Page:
Stemming the demographic tide on U.S. entrepreneurship

Policy levers exist that can improve entrepreneurial incentives and increase the chances of successful new business startups

Stemming the demographic tide on U.S. entrepreneurshipBy Steven Globerman and Jason Clemens The Fraser Institute Entrepreneurship is part of the American DNA and broadly recognized as the basis for improved living standards through innovation and technological progress. Unfortunately, policy-makers in Washington and across the country, and average Americans more broadly, seem unaware of the decline in entrepreneurship over the past two…

How to spur entrepreneurship in an aging population

Policy levers can strengthen incentives for entrepreneurship and improve the likelihood of successful new business startups

How to spur entrepreneurship in an aging populationBy Steven Globerman and Jason Clemens The Fraser Institute Entrepreneurship is widely acknowledged as the basis for innovation, technological advancement and economic progress – and, subsequently, a driving force for improved living standards. Yet there’s little discussion, let alone action, among governments in Canada to stem the adverse effects of demographic change on entrepreneurship, specifically…

Entrepreneurship is at the heart of economic growth

The rate of small-business startups is declining in Canada. Here's what we can do to spur risk takers, who help reshape an economy

Entrepreneurship is at the heart of economic growthBy Jason Clemens and Steven Globerman The Fraser Institute The ability to increase living standards primarily comes down to one thing: being more productive. Individuals and societies can only improve living standards if they become more efficient. Entrepreneurship is essential to this process of transforming inputs such as labour and raw materials into desired outputs.…

How do we address Canada’s scarcity of doctors?

Greater use could be made of nurse practitioners and physician assistants, including for relatively uncomplicated medical procedures

How do we address Canada’s scarcity of doctors?While health care is a dynamic service characterized by the continual introduction of new drugs and medical devices, physicians remain at the centre of health-care delivery. So it’s worth noting that Canada lags well behind almost all developed countries in the availability of physician services. Canada ranks 29th out of 33 high-income countries for the number…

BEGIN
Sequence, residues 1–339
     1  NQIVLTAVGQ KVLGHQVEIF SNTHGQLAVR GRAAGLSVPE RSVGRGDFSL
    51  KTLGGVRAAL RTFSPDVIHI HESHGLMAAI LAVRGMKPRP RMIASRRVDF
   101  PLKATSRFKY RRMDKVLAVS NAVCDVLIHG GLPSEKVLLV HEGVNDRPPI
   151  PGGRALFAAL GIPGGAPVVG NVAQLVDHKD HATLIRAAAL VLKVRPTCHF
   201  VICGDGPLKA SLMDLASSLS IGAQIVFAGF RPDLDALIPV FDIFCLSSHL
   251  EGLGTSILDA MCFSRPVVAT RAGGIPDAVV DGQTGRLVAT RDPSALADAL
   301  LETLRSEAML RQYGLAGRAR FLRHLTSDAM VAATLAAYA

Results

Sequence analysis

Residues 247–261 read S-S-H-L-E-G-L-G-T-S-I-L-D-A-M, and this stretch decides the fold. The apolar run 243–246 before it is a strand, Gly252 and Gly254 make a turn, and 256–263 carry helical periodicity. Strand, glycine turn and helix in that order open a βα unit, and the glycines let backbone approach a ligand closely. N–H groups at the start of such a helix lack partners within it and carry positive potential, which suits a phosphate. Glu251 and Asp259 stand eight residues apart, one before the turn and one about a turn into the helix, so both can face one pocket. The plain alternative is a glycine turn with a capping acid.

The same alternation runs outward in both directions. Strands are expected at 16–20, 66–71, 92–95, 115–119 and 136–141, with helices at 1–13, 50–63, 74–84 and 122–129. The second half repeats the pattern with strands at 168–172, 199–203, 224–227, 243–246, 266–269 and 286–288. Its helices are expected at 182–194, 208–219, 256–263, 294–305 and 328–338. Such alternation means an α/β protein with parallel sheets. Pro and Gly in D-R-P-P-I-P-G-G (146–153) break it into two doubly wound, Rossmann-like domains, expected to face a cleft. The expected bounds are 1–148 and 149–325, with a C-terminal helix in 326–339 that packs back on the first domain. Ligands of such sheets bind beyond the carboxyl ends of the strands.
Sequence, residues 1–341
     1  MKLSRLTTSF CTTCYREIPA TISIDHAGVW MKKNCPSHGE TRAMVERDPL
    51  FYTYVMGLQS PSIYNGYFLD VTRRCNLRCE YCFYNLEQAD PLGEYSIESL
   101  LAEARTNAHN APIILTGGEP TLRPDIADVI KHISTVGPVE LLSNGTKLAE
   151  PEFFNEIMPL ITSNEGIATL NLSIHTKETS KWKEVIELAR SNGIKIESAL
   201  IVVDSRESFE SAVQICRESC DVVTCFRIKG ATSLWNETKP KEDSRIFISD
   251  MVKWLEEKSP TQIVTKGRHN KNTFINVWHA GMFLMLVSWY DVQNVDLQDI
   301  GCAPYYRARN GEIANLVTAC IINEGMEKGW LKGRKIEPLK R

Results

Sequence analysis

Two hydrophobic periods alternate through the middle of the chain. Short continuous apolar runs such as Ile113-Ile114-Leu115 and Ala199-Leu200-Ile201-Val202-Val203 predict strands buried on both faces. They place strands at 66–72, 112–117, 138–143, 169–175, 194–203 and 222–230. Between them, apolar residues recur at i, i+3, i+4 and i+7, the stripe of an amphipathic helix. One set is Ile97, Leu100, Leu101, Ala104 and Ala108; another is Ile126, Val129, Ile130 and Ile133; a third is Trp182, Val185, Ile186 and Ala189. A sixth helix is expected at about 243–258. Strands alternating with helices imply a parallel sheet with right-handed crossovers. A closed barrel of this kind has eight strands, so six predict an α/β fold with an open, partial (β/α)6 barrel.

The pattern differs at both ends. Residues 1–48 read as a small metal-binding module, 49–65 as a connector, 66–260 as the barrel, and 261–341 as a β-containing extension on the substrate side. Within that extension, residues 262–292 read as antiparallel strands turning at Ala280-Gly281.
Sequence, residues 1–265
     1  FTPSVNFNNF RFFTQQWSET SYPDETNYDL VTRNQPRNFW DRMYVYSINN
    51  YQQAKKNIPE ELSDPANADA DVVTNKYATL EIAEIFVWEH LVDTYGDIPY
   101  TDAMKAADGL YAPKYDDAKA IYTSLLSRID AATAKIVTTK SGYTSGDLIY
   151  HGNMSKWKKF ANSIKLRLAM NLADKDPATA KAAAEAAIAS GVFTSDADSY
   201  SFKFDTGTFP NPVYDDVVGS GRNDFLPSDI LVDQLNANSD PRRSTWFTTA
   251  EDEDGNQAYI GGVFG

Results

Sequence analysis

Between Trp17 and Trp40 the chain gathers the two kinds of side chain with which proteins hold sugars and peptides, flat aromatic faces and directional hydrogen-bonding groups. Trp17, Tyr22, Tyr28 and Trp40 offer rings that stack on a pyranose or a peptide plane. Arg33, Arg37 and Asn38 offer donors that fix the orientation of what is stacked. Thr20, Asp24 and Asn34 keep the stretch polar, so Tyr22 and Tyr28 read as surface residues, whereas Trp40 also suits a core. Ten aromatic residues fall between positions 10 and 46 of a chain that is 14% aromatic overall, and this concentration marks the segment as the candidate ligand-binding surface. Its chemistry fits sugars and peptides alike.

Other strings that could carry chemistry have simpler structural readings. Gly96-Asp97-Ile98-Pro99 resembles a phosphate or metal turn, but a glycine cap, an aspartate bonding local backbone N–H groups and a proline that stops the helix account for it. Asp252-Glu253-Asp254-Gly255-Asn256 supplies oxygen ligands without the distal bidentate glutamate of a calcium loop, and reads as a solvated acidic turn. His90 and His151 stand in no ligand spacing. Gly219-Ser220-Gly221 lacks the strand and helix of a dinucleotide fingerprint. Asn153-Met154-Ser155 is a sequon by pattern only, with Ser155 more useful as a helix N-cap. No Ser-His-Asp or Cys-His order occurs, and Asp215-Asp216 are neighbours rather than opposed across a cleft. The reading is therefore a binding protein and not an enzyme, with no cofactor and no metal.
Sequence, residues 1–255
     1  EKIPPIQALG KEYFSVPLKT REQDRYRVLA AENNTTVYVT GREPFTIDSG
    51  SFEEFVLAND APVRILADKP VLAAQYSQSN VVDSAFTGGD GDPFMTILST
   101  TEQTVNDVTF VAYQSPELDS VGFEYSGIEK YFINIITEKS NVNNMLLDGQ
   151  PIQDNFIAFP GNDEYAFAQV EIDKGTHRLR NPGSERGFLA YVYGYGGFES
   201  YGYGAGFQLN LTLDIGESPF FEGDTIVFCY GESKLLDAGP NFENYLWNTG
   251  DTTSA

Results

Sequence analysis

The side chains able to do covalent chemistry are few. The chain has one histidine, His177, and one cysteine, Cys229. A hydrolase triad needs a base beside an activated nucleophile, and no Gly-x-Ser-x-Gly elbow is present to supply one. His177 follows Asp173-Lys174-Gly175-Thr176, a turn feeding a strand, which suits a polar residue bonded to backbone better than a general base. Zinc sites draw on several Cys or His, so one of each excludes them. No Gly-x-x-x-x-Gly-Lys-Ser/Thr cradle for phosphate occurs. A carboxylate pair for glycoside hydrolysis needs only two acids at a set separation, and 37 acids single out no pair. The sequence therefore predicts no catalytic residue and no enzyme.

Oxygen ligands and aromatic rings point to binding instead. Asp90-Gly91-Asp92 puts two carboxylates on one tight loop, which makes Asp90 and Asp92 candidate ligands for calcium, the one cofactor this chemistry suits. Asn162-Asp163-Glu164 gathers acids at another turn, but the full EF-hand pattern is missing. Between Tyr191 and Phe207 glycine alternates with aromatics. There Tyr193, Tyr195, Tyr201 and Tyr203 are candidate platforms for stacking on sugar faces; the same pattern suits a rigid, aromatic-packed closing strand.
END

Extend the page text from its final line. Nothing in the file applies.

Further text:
Canada should accept increased competition under new NAFTA

The U.S. administration is actually acting as a champion of the Canadian consumer

Canada should accept increased competition under new NAFTAThe U.S. administration tipped its hand ahead of this week’s NAFTA negotiations in Washington, D.C. A report released by the Office of the U.S. Trade Representative last month set out, in broad strokes, the administration’s negotiating strategy. Not surprisingly, the overriding objective is to improve market access for U.S. exports in the agriculture, manufacturing and…

CRTC at a crossroads

The CRTC will either have to start regulating streaming services or desist from regulating the broadcasting sector

CRTC at a crossroadsThe regulation of Canada’s broadcasting sector by the CRTC is at a crossroads. Technological change, especially the proliferation of streaming video over the Internet, or so-called over-the-top (OTT) broadcasting, is seriously challenging the viability of the regulatory model that’s been in place for decades. The government has recognized the challenges posed by ongoing technological developments…

Subsidizing high-speed telecommunications services isn’t necessary

The CRTC hopes to identify what telecommunications services are necessary for all Canadians, along with how to fund them

Subsidizing high-speed telecommunications services isn’t necessaryThe CRTC is in the midst of a review of basic telecommunications services in Canada, which includes public hearings due to begin in April. As part of the review, the regulator hopes to identify what telecommunications services are necessary for all Canadians and the means to fund universal access to those services deemed necessary. Current…

Patient user fees are compatible with universal health care

It’s no coincidence that countries with cost-sharing programs in place have waiting times significantly shorter than those in Canada

Patient user fees are compatible with universal health careA prominent feature of Canada’s health-care system, as mandated by the Canada Health Act, is the absence of any charge for publicly insured health-care services at the point of consumption. Unfortunately, this has led to the mistaken notion that such “first dollar coverage” is a necessary component of universal coverage for health-care services. In fact,…